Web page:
Wednesday, November 30, 2011

Can you hear me now? Uh-oh.

A couple of weeks ago, Caleb had his 3 year wellness visit at the pediatrician.  You know...the ones where they go in healthy, the doctor tells you they're fine, and two days later they come down with the plague that the child who was in the exam room before them had.  I strongly dislike these visits for said reason.  Well, you'll be happy to hear that my 3 year old is normal.  Above average actually.  But when they tested his hearing, the doctor said that she was going to send us to an audiologist.  I seriously thought the nurse had just gotten the test wrong.  After all, my kid pronounces every enormous words that hears.

So we went to the audiologist on Monday.  By God's grace, we didn't wait long, Caleb was obedient, and two of my favorite college students were at home with Ben so I could focus on Caleb.  After 15 minutes of testing, the audiologist let Caleb play with some toys while we talked.  Apparently, he has fluid in his middle ear which means he is not hearing very clearly through the liquid.  All I can think is that he must have some seriously amazing hearing behind that fluid because he can hear me whisper about ice cream three rooms away.

The answer to his issue: an appointment with an ENT and probably another set of tubes in his ears to drain the fluid.  My heart stopped.  Our insurance is changing, and if we can't schedule the surgery until after the first of the year, we'll be paying for it entirely out of pocket.  Now our insurance this year is ridiculously amazing, AND our younger son's hospital stay in March has more than met the limits.  I drove home praying, "Lord, don't let me panic; but please, please be working to allow us to take care of this before December 31st."

As I thought about the audiologist sending reports to the pediatrician, the pediatrician finally taking time to make a referral, the referral finally getting to the ENT's scheduling, and us finally getting to his office an hour and a half away; I just kept praying.  Then, come to find out from my sister who just happened to be coming over that evening, I can just call the ENT myself to set up the appointment since we have private insurance.  What??  You mean, I can bypass all the middle men who don't understand how important this is to me?  WOOHOO!!

So that's what I did yesterday.  Now our ENT has offices in a city an hour and a half away and in our city, but normally you have to wait two months for an appointment in our city.  Are you ready for this?  The scheduler gave me an appointment with the doctor I wanted IN OUR CITY tomorrow afternoon!  AMAZING!  I know I have no guarantees that we'll get in for surgery by the 31st, but I'm so encouraged.  Plus, the audiologist said she would make up her report within a week, but when I called her to explain what we were trying to do, she FAXed the report over yesterday morning!  Grace.  Pure grace.

Is everything else in my life working out quite so smoothly?  No.  I've made plenty of ridiculous choices in the last 24 hours.  Deciding to go to the grocery store in the middle of a snowstorm.  Silly.  Deciding to wear Crocs to the grocery store in the middle of a snowstorm.  Just plain ridiculous.  Deciding to push an incredibly heavy cart through 4 inches of slush in the parking lot of the grocery store while wearing Crocs.  (Okay, that last one was just funny for everyone else to watch.)  Deciding to let Ben sleep with us when he was crying last night. (Oh my word, I'm so I tired.)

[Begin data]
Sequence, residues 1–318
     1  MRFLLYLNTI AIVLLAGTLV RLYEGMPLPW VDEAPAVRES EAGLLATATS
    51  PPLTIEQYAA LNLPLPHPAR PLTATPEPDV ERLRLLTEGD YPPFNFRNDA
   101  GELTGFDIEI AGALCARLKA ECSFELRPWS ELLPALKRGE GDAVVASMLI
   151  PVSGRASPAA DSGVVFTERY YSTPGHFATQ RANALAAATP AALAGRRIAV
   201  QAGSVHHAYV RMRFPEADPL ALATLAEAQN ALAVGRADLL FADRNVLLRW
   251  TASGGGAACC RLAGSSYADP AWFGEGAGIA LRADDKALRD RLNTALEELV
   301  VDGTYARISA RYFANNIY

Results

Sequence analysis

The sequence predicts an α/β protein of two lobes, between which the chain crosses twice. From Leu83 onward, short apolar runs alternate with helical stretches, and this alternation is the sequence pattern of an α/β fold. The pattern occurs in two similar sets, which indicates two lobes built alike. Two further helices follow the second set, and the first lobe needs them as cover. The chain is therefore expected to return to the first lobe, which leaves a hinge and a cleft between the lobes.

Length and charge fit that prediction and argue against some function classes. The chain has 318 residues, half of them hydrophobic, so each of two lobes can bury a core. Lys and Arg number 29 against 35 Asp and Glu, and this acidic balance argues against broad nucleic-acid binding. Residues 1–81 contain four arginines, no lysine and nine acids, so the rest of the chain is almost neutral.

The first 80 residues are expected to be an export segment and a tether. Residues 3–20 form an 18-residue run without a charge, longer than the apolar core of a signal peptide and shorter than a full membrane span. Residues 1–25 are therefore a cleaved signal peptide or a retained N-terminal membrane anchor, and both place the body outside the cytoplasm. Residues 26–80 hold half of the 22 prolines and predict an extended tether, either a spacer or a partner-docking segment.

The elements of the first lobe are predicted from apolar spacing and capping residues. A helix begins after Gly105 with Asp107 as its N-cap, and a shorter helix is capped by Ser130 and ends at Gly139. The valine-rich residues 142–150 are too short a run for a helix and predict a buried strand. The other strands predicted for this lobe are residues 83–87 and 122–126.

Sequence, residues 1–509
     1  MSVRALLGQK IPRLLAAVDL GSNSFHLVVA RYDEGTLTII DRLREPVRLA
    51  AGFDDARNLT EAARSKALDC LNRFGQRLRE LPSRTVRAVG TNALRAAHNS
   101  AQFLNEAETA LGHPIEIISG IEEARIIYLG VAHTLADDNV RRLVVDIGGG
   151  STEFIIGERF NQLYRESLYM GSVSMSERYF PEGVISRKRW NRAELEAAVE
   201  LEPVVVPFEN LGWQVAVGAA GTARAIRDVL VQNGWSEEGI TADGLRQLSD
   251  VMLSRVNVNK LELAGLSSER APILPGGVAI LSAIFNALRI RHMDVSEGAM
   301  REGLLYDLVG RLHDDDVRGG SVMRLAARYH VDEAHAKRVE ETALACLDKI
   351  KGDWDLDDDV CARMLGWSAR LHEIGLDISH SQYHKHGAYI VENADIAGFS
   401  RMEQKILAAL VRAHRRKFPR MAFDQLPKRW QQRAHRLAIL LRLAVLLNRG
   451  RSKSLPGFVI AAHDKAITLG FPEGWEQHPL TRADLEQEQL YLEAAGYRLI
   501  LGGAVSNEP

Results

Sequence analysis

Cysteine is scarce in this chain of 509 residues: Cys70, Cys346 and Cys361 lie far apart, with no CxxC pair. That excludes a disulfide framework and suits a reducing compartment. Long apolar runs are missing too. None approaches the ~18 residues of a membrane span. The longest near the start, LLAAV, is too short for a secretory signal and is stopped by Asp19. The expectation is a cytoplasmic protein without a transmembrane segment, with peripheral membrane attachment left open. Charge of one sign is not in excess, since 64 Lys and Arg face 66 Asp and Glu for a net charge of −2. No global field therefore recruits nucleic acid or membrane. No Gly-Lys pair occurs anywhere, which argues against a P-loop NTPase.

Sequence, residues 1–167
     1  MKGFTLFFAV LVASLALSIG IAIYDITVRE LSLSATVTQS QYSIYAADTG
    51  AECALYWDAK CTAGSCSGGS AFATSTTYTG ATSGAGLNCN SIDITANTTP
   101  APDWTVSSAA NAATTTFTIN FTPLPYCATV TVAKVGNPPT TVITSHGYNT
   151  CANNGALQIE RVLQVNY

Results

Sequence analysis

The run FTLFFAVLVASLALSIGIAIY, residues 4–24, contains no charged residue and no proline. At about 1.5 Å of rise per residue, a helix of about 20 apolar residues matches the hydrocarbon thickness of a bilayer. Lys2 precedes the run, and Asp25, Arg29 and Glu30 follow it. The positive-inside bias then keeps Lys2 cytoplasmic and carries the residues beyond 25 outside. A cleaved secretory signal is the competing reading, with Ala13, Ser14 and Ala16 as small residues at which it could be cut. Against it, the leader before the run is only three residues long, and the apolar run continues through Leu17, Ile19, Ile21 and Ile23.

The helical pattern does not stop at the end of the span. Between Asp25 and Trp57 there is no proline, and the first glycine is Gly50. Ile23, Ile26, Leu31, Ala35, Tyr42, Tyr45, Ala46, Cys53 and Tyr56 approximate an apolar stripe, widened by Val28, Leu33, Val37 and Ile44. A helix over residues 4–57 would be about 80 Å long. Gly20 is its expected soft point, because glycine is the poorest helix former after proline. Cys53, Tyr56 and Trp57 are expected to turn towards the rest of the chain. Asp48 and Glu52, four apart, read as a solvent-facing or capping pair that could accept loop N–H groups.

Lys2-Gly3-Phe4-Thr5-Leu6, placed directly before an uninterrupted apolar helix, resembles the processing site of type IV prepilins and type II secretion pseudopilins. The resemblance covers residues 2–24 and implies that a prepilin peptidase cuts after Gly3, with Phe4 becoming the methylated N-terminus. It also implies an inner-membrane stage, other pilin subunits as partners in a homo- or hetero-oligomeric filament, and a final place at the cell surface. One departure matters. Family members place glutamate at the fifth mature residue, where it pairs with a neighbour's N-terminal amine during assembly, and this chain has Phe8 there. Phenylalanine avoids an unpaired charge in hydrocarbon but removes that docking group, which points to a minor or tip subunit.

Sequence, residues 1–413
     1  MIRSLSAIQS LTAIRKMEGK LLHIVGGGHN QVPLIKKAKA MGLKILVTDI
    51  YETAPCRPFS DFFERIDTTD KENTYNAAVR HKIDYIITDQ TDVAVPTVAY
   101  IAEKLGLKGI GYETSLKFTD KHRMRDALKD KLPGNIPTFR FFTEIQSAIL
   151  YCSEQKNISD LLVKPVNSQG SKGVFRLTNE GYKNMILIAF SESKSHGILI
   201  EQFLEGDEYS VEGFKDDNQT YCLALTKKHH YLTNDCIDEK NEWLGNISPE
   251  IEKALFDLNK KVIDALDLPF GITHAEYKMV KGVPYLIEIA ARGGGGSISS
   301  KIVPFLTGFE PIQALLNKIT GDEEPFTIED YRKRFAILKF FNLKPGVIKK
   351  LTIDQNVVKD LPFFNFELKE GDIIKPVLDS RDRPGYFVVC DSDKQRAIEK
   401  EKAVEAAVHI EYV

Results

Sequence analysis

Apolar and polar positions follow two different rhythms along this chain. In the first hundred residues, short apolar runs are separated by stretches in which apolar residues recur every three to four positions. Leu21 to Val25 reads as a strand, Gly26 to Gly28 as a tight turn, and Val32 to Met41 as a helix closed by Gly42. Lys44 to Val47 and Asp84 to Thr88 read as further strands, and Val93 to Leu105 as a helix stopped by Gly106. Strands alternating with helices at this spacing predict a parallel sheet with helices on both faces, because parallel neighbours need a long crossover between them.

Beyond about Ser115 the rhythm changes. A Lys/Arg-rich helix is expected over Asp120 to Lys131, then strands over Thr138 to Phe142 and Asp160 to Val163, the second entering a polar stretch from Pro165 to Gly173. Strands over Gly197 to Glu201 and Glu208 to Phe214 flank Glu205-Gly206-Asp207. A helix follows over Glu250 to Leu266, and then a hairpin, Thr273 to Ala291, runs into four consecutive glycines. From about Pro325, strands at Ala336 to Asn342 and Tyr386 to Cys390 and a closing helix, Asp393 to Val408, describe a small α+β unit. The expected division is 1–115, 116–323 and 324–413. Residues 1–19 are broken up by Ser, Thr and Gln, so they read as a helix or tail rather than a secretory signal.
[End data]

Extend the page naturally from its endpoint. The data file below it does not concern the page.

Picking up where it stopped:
So I hope as you're reading, you pick up that I'm a horrible perfectionist who is so so far from perfect. (type A+, right Misty?)  I also have children who are 100% children.  Right now Ben is going into the living room just to bother his older brother.  Then when Caleb gets upset, Ben will cry like it's Caleb's fault.  Does this sound familiar to anyone?

And if you think of it, I'd appreciate your prayers.  Doing this surgery this month would mean so much!  We know the Lord is in control and will provide for us no matter what, but I'd love to see Him work this seemingly impossible situation out.  Amen.  Now if you'll excuse me, my baby is eating Kleenex; and I should probably do something about that.

Tuesday, November 29, 2011

When we unplugged ourselves...

A couple weeks ago I posted that I was doing away with morning T.V. time.  Who has this been hardest on?  Me (being completely objective, of course).  I miss the hour of silence I used to have to check email, drink coffee, and warm up to the idea that it was morning.  Who has this been best for?  Probably all of us.

We knew we'd have to trade traditions (you can't just take something away!) so we started our prayer album, which has gone surprisingly well.  Caleb runs out of his room every morning saying, "Who are we going to pray for?" rather than "I want to watch Thomas." He then flips the album, and we pray for the next person over our Cheerios.  This morning it was the Baxter/Moon families. :-)

Right now instead of being grumpy and whining for more screen time with his favorite tank engine, Caleb is playing in his room with his trains.  And every train has a different voice.  And they're fighting over which Candyland location they each are going to.  It makes me so happy.  I guess it's one way to learn conflict resolution.

Ben has become a lot more active since we're rarely sitting in one location for more than ten minutes.  He follows Brother around the house constantly and is now standing up on his own!  What an answer to prayer!

So as hard as it is for me to not just tune out for the first hour of the day, it's good.  It's right for me.  And it's keeping first things first.  Stay warm, friends.  I'm not liking the looks of this storm!  Teacher Man biked to work!